Posted on Sep 26, 2008 | Comments 0
Pelvic pain is extremely common and has many underlying causes.
If you were asked to locate the pain, you’d probably sweep your hand over the entire lower abdomen area rather than point to one specific spot. It can be steady or it might come and go.
If you have severe pain, it is likely to get in the way of your daily activities, and cause you confusion and concern, so here are a few facts to help you understand the condition and erase your fears:
Gynecological problems are the main source of pelvic pain
Several gynecological problems are actually root causes of chronic pain. In addition to gynecological problems, other health disorders which cause pelvic pain include irritable bowel syndrome and interstitial cystitis.
Other common causes of chronic pain include tension in pelvic floor muscles, chronic pelvic inflammatory disease, ovarian remnant, pelvic congestion syndrome, endometriosis and fibroids.
Pelvic pain is not absolutely restricted to one specific spot
For most people, this is a very common pattern with pelvic pain. If your pain moves from one part to another, over time, it doesn’t mean that it is not real. Many sufferers think that they are imagining that the pain is moving to another place.
But, pain caused due to endometriosis, for example, can constantly tense your abdominal muscles. In this case, you may feel that the pain has moved from where it was initially, but, in essence, more than one part of your body was involved in causing the intense pain. Ultimately, it is quite possible that the pain gradually moves to another place.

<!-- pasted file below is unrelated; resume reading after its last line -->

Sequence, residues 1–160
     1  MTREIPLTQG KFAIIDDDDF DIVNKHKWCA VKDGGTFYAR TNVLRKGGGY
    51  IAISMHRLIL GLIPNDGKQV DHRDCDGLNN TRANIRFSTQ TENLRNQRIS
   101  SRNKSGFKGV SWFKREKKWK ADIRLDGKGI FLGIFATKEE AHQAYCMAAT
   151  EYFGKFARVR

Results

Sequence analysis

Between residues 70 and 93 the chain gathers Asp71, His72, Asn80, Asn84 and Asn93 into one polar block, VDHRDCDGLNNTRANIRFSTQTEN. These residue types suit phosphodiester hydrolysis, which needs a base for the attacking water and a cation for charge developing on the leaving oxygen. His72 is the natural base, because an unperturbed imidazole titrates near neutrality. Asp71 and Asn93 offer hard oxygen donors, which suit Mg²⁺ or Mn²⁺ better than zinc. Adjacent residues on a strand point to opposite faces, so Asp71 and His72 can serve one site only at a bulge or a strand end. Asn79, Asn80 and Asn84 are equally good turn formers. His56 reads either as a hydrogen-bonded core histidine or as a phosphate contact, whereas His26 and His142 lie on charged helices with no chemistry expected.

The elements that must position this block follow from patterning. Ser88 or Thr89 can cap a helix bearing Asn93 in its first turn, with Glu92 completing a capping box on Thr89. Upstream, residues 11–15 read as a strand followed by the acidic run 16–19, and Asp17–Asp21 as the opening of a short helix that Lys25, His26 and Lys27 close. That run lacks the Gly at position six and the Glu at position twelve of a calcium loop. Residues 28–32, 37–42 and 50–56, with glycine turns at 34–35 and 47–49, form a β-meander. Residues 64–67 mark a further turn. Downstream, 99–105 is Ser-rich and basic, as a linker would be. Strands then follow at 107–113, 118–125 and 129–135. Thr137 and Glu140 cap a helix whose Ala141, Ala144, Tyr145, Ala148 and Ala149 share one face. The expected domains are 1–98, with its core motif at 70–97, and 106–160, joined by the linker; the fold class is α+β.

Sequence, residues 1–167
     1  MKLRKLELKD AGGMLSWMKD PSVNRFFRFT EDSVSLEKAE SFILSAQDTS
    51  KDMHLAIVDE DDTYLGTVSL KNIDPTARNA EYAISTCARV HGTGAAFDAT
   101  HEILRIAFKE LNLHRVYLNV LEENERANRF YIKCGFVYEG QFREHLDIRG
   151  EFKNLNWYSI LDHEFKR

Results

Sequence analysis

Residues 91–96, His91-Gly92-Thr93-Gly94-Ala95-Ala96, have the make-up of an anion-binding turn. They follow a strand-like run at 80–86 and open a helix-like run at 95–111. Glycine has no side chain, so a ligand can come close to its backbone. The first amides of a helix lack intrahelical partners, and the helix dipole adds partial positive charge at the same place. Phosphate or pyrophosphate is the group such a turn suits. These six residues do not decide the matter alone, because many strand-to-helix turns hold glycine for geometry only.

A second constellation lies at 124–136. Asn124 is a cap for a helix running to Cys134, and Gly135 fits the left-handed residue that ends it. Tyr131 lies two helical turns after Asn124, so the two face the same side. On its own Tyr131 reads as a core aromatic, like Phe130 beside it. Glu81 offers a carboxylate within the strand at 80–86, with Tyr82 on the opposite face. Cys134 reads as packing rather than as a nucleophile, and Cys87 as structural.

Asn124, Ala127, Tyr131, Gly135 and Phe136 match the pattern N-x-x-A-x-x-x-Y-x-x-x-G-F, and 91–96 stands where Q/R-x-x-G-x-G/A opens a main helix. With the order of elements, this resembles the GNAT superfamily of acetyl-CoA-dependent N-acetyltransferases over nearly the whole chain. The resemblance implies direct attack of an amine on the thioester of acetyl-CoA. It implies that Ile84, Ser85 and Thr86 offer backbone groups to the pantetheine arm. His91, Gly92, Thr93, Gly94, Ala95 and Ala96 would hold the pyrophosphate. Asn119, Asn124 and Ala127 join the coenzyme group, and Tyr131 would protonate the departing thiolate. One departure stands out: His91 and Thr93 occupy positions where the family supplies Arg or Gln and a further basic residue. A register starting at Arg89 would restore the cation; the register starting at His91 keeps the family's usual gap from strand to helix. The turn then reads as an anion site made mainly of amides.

Psychological factors also contribute to pelvic pain
Though it manifests itself in a physical way, much pelvic pain is related to depression and stress. While these negative states of mind may not actually cause the pain, it can get much worse when you are depressed or suffering from severe stress.
Other than depression and stress, psychological factors which contribute to pelvic pain include sexual or physical abuse and emotional trauma. Emotional trauma intensifies the pain, which causes a vicious circle, as the pain causes more emotional distress.
If you are inclined to seek practical reasons and solutions, remember not to overlook underlying emotional causes. Try to avoid over-stretching yourself, particularly during your regular menstrual cycle.
If you are suffering from persistent pain or if your symptoms seem to be getting worse, immediately consult your personal doctor and seek medical attention before it gets out of hand.
Posted in: Women's Health